Richard Curtis, the screenwriter who shaped the modern romantic comedy with hits “Four Weddings and a Funeral,” “Notting Hill” and “Bridget Jones’s Diary,” has directed only three movies, but the filmmaker is already prepared to call it quits. He said he will stop making movies after his latest offering, “About Time,” opens this week.
“That’s my intention at the moment,” Curtis said on a recent morning in New York, adding that he’d “probably” continue writing. “The message of this movie is enjoy every ordinary day of your life. I should listen to that message.”
“About Time,” like all Curtis’ stories, tells the tale of a young lad (Domhnall Gleeson) enamored with a fair lady (Rachel McAdams). But there’s a twist. Our hero can travel back in time to fix his awkward romantic foibles, a trick he learned from his dad (Bill Nighy).
Curtis’ directorial debut, 2003’s “Love Actually,” starring Hugh Grant, grossed nearly $250 million worldwide. Six years later, his “Pirate Radio,” about a seafaring band of rogue rock ’n’ roll deejays, sank at the box office.
He describes the director’s process as one that is unendingly stressful: “A thousand days of pain! It’s a very ungrateful thing of me to say, because it’s such a privilege to be in a position where I’m allowed to direct anything. I’ve had a long go at it.”
Or maybe it just feels that way. Curtis wrote the first page of “About Time” eight years ago, and spent two and a half years on the script. Even as a screenwriter early in his career, he was intensely involved in casting, shooting and editing.
He said Grant was discovered for “Four Weddings” after 70 other actors auditioned. “He had been working for 10 years, (and) was at the point of giving up.”
It’s a little strange to be interviewing Curtis, who wrote the ultimate press junket scene in “Notting Hill,” at a press junket. It was a movie for which he wrote two different scripts. In the early draft, Julia Roberts and Grant break up, and he falls in love with a girl who works at a record store.
“But then I realized I’m not really interested in pain,” Curtis says. “The record store girl turned into his sister, and it turned into the movie it is, which I think is notable for its lack of subplot.”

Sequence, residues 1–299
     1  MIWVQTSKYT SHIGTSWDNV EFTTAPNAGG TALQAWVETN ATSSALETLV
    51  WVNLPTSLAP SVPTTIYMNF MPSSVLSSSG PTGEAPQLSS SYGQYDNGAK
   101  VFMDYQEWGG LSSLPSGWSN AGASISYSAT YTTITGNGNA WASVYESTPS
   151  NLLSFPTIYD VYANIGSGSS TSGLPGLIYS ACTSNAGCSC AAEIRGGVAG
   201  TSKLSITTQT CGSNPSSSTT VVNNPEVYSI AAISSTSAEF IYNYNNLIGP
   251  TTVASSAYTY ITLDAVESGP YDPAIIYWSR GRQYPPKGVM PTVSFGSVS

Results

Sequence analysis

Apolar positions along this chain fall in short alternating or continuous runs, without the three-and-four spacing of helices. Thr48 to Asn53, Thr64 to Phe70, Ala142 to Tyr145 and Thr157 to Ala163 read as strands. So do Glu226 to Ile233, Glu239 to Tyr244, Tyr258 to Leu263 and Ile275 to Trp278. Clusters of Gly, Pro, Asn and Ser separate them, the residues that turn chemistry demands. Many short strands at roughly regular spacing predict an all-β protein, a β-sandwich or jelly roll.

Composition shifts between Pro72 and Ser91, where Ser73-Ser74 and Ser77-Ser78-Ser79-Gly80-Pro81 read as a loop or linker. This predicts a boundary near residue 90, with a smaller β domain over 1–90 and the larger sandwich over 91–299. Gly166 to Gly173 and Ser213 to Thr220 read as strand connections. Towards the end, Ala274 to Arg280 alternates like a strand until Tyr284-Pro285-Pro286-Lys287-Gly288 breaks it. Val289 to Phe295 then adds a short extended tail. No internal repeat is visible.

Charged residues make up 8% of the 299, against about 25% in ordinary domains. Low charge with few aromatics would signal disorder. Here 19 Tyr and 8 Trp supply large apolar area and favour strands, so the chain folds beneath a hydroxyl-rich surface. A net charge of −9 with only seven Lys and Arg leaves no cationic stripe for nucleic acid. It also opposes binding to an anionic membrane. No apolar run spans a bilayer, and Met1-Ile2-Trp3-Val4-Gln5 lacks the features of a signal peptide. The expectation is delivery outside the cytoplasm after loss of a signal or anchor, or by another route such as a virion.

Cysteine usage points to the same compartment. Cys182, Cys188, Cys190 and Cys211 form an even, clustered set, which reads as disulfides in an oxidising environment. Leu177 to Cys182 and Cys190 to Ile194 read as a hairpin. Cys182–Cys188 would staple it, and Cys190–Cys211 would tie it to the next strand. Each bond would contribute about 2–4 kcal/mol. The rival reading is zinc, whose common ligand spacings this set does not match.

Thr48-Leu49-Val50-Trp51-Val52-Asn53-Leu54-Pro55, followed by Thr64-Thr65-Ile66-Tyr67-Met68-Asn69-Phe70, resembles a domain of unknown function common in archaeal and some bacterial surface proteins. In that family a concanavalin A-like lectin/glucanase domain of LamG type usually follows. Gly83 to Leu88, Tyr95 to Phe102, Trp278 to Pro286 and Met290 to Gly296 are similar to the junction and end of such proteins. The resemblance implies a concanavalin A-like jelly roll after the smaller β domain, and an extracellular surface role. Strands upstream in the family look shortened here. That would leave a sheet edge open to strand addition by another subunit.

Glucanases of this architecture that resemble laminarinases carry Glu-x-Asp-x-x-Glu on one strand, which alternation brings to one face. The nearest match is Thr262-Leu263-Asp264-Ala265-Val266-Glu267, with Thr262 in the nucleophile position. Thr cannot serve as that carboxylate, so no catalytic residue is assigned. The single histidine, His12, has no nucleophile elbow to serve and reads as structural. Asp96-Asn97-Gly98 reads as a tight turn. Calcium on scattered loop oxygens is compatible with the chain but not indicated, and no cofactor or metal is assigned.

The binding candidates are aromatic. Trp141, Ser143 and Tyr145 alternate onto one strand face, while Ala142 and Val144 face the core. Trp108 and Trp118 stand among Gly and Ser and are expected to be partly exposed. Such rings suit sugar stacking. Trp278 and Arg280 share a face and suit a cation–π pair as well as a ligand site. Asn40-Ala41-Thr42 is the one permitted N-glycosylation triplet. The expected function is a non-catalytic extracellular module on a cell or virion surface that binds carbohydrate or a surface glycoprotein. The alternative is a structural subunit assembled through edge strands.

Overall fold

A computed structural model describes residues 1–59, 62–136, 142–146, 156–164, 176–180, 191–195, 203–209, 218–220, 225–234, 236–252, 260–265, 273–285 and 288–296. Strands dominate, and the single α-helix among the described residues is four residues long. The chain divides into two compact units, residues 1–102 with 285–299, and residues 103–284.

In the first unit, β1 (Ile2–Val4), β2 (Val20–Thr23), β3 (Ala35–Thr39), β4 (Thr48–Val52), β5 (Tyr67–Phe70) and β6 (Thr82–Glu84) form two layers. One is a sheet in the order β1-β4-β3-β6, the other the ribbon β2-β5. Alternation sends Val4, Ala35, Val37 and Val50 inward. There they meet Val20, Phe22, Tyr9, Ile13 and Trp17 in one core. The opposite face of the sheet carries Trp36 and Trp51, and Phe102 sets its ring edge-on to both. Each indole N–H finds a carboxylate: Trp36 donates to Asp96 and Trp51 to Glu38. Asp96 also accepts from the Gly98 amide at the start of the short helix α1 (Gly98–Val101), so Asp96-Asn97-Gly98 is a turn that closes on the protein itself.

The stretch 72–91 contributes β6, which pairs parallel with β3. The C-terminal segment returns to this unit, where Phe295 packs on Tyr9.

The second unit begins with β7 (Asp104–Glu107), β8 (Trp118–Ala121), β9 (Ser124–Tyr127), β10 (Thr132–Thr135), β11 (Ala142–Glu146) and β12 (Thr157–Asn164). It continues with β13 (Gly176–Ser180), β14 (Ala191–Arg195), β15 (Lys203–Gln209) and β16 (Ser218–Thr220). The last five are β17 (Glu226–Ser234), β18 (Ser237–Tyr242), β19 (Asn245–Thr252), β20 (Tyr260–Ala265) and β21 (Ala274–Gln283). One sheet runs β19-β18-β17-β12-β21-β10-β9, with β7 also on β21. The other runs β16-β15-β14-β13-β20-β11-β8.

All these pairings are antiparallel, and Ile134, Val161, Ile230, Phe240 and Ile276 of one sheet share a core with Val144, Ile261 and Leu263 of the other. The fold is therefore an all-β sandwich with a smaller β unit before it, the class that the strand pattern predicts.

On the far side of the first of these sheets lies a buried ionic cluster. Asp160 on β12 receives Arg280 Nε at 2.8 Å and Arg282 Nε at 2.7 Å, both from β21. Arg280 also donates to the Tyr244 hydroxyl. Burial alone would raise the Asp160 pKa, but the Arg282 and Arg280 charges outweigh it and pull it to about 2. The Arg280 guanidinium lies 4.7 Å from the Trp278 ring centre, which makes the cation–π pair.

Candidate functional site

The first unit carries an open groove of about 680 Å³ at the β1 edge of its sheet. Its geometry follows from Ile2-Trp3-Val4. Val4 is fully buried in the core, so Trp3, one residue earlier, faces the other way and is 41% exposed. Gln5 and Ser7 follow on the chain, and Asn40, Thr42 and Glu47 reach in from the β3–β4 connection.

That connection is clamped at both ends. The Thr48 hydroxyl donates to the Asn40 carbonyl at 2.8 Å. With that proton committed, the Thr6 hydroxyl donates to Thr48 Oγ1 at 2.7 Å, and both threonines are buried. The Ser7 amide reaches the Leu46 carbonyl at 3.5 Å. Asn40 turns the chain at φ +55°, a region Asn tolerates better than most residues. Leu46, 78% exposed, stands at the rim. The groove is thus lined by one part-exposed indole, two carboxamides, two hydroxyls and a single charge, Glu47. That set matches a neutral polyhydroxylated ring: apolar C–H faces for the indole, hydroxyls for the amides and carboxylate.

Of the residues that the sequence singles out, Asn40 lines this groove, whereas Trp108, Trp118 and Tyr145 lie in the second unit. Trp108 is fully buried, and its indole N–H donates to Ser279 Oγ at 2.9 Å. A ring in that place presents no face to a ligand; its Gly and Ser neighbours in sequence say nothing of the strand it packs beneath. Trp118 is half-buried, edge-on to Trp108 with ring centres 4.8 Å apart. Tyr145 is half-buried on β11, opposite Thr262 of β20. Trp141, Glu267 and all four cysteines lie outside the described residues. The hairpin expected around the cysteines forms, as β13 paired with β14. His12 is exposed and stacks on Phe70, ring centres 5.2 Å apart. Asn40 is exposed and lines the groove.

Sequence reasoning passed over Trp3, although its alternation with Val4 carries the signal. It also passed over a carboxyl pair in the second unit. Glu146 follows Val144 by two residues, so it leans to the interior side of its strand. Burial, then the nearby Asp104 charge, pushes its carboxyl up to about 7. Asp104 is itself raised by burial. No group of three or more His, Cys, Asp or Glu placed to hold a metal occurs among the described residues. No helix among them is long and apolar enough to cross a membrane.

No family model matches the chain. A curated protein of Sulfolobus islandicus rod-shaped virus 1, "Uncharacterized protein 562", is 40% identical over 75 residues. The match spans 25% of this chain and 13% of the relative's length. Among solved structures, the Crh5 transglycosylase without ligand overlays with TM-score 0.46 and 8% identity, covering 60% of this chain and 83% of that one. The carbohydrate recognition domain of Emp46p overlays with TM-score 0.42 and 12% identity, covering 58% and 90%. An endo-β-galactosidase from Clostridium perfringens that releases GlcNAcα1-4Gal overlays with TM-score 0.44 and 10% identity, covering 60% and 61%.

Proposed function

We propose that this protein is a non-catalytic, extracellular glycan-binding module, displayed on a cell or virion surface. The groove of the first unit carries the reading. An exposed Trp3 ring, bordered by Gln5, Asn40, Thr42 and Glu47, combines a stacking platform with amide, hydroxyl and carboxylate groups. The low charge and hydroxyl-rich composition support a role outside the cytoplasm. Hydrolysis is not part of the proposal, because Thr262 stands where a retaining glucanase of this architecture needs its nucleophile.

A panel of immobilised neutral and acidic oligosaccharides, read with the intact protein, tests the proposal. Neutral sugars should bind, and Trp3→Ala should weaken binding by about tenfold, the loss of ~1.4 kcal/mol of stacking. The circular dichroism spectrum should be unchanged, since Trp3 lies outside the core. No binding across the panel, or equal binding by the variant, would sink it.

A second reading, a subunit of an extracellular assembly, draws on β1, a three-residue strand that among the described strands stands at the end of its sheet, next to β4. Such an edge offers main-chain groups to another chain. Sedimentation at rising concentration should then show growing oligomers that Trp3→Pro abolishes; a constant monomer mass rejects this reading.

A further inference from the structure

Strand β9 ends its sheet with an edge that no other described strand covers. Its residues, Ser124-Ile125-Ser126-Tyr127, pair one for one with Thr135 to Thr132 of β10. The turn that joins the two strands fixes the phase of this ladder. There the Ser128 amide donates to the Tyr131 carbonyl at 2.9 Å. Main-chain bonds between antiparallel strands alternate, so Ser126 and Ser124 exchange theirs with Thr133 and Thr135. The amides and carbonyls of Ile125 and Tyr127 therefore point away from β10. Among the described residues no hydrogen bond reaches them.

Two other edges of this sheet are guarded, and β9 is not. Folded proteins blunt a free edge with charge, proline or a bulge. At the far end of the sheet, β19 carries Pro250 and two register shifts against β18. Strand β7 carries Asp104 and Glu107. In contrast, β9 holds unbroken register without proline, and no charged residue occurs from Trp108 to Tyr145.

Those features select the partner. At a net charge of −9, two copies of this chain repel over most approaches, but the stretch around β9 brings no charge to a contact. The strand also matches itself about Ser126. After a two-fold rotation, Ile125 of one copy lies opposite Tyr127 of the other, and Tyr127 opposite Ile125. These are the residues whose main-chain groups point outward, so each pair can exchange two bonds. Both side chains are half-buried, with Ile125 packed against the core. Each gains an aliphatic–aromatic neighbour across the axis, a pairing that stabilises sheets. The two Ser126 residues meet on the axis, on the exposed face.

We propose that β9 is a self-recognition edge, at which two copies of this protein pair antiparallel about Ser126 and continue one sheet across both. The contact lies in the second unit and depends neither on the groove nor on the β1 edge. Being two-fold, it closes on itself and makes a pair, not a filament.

Curtis said he has a mean eye in the editing room — “I’m immensely critical and uninterested in what I wrote in the first place” — which proved to be a blessing in “Love Actually.”
“It read really well, seemed to go well when we shot, then we watched it — catastrophe!” he said. The filmmakers had to rejigger the vignettes so viewers would care about the characters. Curtis still calls the finished movie tonally inconsistent. “I’m not sure all the stories are from the same universe,” he cracked.
In recent years, he’s tried his hand at darker fare, such as “War Horse” and Stephen Daldry’s upcoming “Trash,” about street kids. He’s also finished the screenplay for “Esio Trot” by Roald Dahl, the author he religiously read to his four children growing up in England.
It might not be a bad time to take a break from Hollywood, given the diminished state of the romantic comedy, though he doesn’t categorize “About Time” as such.
“There is a romantic comedy in there somewhere, but it stops halfway through. Now that I got older, you have a family. The moment you have a child, you start another family. Romantic comedies are only half the story.”
Dating Curtis at Global B.O.
$36m: *”Pirate Radio” (2009)
$247m: *”Love Actually” (2003)
$282m: “Bridget Jones’s Diary” (2001)
$364m: “Notting Hill” (1999)
$246m: “Four Weddings and a Funeral” (1994)